"Were the President to determine that the use of force in self-defense is necessary to counter the threat posed by Iraq's WMD program, such force should be proportional; in other words, it should be limited to that which is needed to eliminate the threat posed by Iraq."
When this memo was written, our president, vice president, and top cabinet officials were screaming about Iraq's vast quantities of weapons, but Bybee was already crafting his justifications around the idea of weapons "programs."
The result was guaranteed to be massive death, no matter how "proportional" to the nonexistent threat. But the permission was also guaranteed to be wildly exceeded by anybody's definition. The result has been 1.2 - 1.3 million deaths according to Just Foreign Policy's updated figure based on the Johns Hopkins / Lancet report, and according to the British polling company Opinion Research Business's estimate as of August 2007. According to the United Nations High Commissioner for Refugees (UNHCR), the number of Iraqis who have fled their homes has reached 4.7 million. If these estimates are accurate, a total of nearly 6 million human beings have been displaced from their homes or killed. Many times that many have certainly been injured, traumatized, impoverished, and deprived of clean water and other basic needs, including the need to have parents.
And what has accumulated in the evil of the whole? The current occupation of Iraq has seen the United States target civilians, journalists, hospitals, and ambulances; use antipersonnel weapons including cluster bombs in densely settled urban areas; use white phosphorous as a weapon; use depleted uranium weapons; employ a new version of napalm found in Mark 77 firebombs; engage in collective punishment of Iraqi civilian populations; including by blocking roads, cutting electricity and water, destroying fuel stations, planting bombs in farm fields, demolishing houses, and plowing down orchards; detain people without charge or legal process without the rights of prisoners of war; imprison children; torture; and murder. Michael Haas has published a well-documented book with the clear title: "George W. Bush, War Criminal? The Bush Administration's Liability for 269 War Crimes." Jay Bybee's liability must not be minimized.
Bybee's memo declares that a president has the power to launch wars. Period. The "authorization to use force" passed by Congress is treated as gravy on top of this basic power. According to Bybee's copy of the U.S. Constitution, Congress can "issue formal declarations of war." According to mine, Congress has the power "to declare war," as well as every related substantive power. In fact, there are no incidental formal powers anywhere in my copy of the Constitution.
Bybee dismisses the War Powers Act by citing Nixon's veto of it rather than the law itself, and upholds the "authorization to use force" without mentioning the requirements it included for the president, requirements he later met by lying about weapons and ties to 9-11. Bybee cites letters written by Bush as authoritative. He even cites a Bush signing statement. And, of course, he cites and relies on previous memos produced by his office, the Office of Legal Counsel in the Department of Justice.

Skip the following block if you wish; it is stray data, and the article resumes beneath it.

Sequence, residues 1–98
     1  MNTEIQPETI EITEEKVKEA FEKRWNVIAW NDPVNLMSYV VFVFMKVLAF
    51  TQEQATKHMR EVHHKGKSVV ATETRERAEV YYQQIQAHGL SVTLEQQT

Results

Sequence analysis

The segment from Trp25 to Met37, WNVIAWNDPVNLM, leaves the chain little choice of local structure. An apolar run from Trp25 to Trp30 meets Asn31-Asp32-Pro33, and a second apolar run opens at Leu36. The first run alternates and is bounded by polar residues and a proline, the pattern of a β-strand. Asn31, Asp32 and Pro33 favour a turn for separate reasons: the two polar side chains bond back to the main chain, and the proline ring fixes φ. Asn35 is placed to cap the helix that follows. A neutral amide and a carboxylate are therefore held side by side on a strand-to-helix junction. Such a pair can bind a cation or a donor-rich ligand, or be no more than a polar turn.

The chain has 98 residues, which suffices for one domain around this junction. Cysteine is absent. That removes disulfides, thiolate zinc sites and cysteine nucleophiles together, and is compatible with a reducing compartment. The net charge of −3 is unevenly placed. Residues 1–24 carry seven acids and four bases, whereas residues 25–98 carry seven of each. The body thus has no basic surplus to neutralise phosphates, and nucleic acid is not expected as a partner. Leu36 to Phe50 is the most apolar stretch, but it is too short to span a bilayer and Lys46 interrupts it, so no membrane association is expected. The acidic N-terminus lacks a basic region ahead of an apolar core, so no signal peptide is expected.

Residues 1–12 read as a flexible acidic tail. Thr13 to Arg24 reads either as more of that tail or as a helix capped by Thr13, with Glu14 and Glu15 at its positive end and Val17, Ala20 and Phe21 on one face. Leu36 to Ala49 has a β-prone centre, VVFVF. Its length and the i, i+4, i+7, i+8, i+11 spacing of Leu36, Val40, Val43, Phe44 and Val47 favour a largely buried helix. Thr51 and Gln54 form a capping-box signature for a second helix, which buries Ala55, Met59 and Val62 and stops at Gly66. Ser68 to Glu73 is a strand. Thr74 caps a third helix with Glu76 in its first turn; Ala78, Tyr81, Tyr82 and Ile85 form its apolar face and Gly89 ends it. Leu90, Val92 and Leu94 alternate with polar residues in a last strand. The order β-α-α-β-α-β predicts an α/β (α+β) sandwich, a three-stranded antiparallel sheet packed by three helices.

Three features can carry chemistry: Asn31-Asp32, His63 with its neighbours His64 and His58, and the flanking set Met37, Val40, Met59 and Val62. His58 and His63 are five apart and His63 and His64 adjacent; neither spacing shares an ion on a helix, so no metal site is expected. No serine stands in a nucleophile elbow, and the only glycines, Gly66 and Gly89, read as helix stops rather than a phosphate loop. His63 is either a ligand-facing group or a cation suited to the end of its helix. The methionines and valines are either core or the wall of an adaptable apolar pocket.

Bybee relies heavily on the "Bill Clinton sort-of did it and might have done it, and therefore it is legal," argument. For good measure, he throws in Truman and Bush Sr. and Kennedy and Reagan, not to mention an Israeli ambassador's opinion of a U.N. declaration condemning an aggressive attack by Israel. The thrust of the argument is that, because Bush Sr. and Clinton launched strikes into Iraq it's OK for Bush Jr. to launch a whole lot of them. This would be the same as arguing that because Bush Jr. and Obama launched strikes into Pakistan, Obama or any future president can launch a full-scale war there. Legally, this is nonsense. The strikes are as illegal as the war would be. Politically, it's something to consider: do we really want to maintain silent acceptance of such strikes?
Bybee claims not only that a president can simply launch any war he wants, and that the "authorization to use force" somehow adds to that complete and total power, but also that -- in terms of international law -- attacking Iraq would be justified both as authorized by the UN Security Council and as an act of self-defense. The war would not be so much a new war, Bybee claims, as the suspension of a cease-fire that Iraq suspended first. And the Security Council would have authorized a war even though the Security Council itself might claim otherwise. Bybee redefines self-defense as "anticipatory self-defense" and argues that the authors of the UN Charter could never possibly have meant otherwise. And he adds that, in an age of nuclear weapons, anticipatory self-defense can justify launching a war against any nation that might conceivably acquire nukes, even if there was no reason to think that nation would use them to attack yours:
"We observe, therefore, that even if the probability that Iraq itself would attack the United States with WMD, or would transfer such a weapon to terrorists for their use against the United States, were relatively low, the exceptionally high degree of harm that would result, combined with a limited window of opportunity and the likelihood that if we do not use force, the threat will increase, could lead the President to conclude that military action is necessary to defend the United States."
This memo justified a war of aggression and all the crimes and abuses of power abroad and at home that were justified by the war. Jay Bybee has a lifetime appointment as a federal judge wearing black robes drenched in the crimson blood of his victims. His crimes are on paper in black and white for the world to see. If he is not impeached and prosecuted, similar horrors await our planet in the near future.